Some of the most common signs of Suboxone side effects include:

Nausea or vomiting

Digestive disturbances

Respiratory difficulties

Difficulties concentrating

Appearing high or sedated

Like other withdrawal symptoms, Suboxone withdrawal symptoms depend on the severity of the addiction and other factors unique to the individual. Again, there are certain common symptoms that many will experience when detoxing from Suboxone addiction. These will often include:


Difficulties sleeping

Flu-like symptoms

Sweating and shaking

Mood changes

Increased heart rate

Aches and pains

Gastric disturbances

Intense cravings to use the substance

Precipitated Withdrawal 

If you attempt to overcome addiction using Suboxone, you should be familiar with precipitated withdrawal. When you take your first Suboxone dose, it is important to have already started withdrawing from the opioids you were taking. If you take Suboxone before you have sufficiently withdrawn from other drugs, it can produce a severe form of withdrawal known as precipitated withdrawal.4 Precipitated withdrawal occurs suddenly, and the symptoms are severe.

How Long Does Suboxone Withdrawal Last? 

Suboxone withdrawal symptoms generally begin within twenty-four hours after your last dose. Similar to opioid withdrawal symptoms, they often last for seven to ten days, although they decline in severity after the first seventy-two hours. Some withdrawal symptoms may last for up to one month. The best way to reduce the intensity and severity of Suboxone withdrawal symptoms is to slowly taper your Suboxone dosage under the guidance of a medical professional.

Tapering Suboxone 

The process of tapering Suboxone involves slowly reducing your dosage over weeks or months. You must not choose to start this process independently without the support and guidance of a medical professional. Reducing your dosage by too much can lead to sudden and severe withdrawal symptoms, some of which can be dangerous and life-threatening.

Treatment for Opioid Addiction

Treatment for opioid addiction generally follows a particular path depending on your unique treatment needs and goals. For many looking to overcome opioid addiction, the first step is detox.


In a medically supervised detox setting at an addiction treatment center, trained professionals, including doctors, nurses, and other treatment providers, are available to ensure you can detox safely. Depending on your unique detox and treatment needs, they will continue to monitor your vitals throughout the detox process and. In some cases, they may provide medications such as Suboxone to reduce the intensity and severity of your withdrawal symptoms. Ongoing medical support increases your safety should life-threatening withdrawal symptoms occur.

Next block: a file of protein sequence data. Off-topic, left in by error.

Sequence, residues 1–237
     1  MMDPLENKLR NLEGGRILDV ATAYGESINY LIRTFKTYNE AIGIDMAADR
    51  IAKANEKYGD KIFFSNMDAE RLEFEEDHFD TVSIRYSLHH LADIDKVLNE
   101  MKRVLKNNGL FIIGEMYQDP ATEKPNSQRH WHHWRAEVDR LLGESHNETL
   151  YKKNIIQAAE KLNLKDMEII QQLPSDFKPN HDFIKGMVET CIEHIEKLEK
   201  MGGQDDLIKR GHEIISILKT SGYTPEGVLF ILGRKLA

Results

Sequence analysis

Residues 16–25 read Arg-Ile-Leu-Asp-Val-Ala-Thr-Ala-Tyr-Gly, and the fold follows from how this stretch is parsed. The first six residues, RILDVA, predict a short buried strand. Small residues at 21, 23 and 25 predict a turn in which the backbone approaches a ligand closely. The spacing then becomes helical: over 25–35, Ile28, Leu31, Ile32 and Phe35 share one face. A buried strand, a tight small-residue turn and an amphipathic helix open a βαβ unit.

Inpatient Care    

Once you have entirely detoxed from substances, it is possible to transition directly into the therapeutic portion of an addiction treatment program. Addiction treatment is provided in various settings with various levels of care. An inpatient rehab setting is the best option if you struggle with a severe addiction or have complete treatment before and experienced a relapse.  

During inpatient or residential treatment, you will stay at our treatment facility and work towards your recovery. Each day, you will participate in various types of therapy, including group, individual, and family therapies.  

Outpatient Care    

In the outpatient environment, many of the same services are provided. However, clients live at home and come to the treatment facility during the day for therapy. For some, this type of treatment may allow them to seek addiction help when residential treatment is not an option. Outpatient care, however, is not meant for all circumstances. It is vital to communicate your treatment needs openly and honestly.  

Find the Path to Healing     

If you or a loved one are struggling with an addiction to opioids or Suboxone, help is available so you can overcome your addiction. At an addiction treatment facility like Arrow Passage Recovery, our caring and compassionate team is here to provide support and guidance as you begin your recovery journey.  

We provide comprehensive care beginning with medically supervised detox and continuing through all aspects of therapy and addiction education.  Our recovery professionals are here to make your healing journey comfortable and fulfilling.